My filled-out Baseball Hall of Fame ballot
Bob Allison, a football and baseball standout for Kansas University, earned American League Rookie of the Year honors in 1959 with the Washington Senators when he produced nine triples and 30 home runs, 83 runs and 85 RBI. He didn’t have a Baseball Hall of Fame career, but he did deserve to be on the Hall of Fame ballot. It doesn’t take much. Ray Durham, Jacque and Todd Jones, Paul Lo Duca, Richie Sexon and Mike Timlin.
Allison, a three-time All-Star, finished in the top 10 in the AL on-base plus slugging percentage five times and in the top 10 in home runs eight times in walks seven times and stolen bases twice.
This year’s Hall of Fame voting results will be released at 1 p.m. today. Ballots are tougher than ever to fill out, thanks to the guessing game involving steroids. The ballot’s not a court of law, so the standard of guilt beyond a reasonable doubt does not apply. Voters use their own standards, which is appropriate since each ballot is one voter’s opinion.
Ken Gurnick, who covers the Dodgers for MLB.com, said he will not vote for any players who played in what has become known as the steroid era, even Greg Maddux, never suspected of taking performance enhancing drugs. Others disregard the doping factor entirely. I disagree with both stances.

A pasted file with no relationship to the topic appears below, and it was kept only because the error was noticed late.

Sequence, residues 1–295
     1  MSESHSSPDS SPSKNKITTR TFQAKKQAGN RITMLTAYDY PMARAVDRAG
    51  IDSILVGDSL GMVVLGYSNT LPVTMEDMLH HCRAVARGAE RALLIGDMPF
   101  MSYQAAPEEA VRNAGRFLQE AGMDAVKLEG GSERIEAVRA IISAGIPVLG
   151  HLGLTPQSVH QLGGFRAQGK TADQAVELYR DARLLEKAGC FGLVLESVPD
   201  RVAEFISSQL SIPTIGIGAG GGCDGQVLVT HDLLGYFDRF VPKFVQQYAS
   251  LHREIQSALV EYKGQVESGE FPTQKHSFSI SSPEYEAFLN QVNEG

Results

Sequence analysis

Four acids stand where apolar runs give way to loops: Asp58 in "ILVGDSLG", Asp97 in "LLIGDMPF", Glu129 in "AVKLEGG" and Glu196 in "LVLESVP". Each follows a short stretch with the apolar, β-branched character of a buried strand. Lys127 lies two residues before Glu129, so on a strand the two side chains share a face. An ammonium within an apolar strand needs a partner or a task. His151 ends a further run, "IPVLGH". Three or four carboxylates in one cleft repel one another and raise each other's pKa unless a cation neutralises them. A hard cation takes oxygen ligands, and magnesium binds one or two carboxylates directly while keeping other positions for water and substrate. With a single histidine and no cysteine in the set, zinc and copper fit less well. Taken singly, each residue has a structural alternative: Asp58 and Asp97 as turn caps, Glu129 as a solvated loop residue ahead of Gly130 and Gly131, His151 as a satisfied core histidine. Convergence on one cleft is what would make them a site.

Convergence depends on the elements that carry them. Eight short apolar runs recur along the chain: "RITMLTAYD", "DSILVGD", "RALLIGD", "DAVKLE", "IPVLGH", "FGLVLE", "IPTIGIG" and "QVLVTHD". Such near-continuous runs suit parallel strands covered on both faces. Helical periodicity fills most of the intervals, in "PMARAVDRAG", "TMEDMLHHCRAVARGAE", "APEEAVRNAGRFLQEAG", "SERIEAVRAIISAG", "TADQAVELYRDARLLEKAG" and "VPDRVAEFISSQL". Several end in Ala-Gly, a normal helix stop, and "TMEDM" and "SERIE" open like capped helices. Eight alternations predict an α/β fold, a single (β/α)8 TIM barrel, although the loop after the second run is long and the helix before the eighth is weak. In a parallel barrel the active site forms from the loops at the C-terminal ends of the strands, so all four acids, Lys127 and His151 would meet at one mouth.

Here’s how I handle steroids: When covering baseball, I used to have off-the-record chats with players I knew best about steroids and asked them which players they thought were juicing, which they thought were clean.
“They don’t all look like Mark McGwire, you know,” one player told me. “It changes every body in a different way.”
Asked for an example of a player who didn’t look like Michelin Man that he thought was juicing, he named Rafael Palmeiro, citing his sudden increase in power and other factors. I had no doubt Palmeiro was lying when he told Congress he had never done steroids, period. You couldn’t write anything concrete about a player doing ‘roids without proof, so I at times would use euphemisms such as “modern muscles,” an inconclusive term from which the reader could infer whatever he or she chose. Not an ideal approach, but better than ignoring the corruption of baseball statistics.
Writers who cover a baseball team on a daily basis, home and away, also are good sources to tap when seeking information to make a more educated guess on a player.
If I have a strong belief that a player juiced, I deflate his numbers accordingly, but don’t remove him from contention. If I think, but am not convinced a player cheated, I deflate the numbers to a lesser degree.
Is it a perfect system? No. Perfection is impossible in this case. But it’s better than completely turning a blind eye to the whole thing and better than going the high-and-mighty route and stoning all the sinners during an era when more than half the hitters and a number of pitchers were cheating.
Voters are allowed to check anywhere from zero to 10 names. For the first time in my 19 years as a voter, I checked 10 names. My ballot:
Rather than simply trashing my choices — or after trashing mine — I'd like to hear what names you would have checked.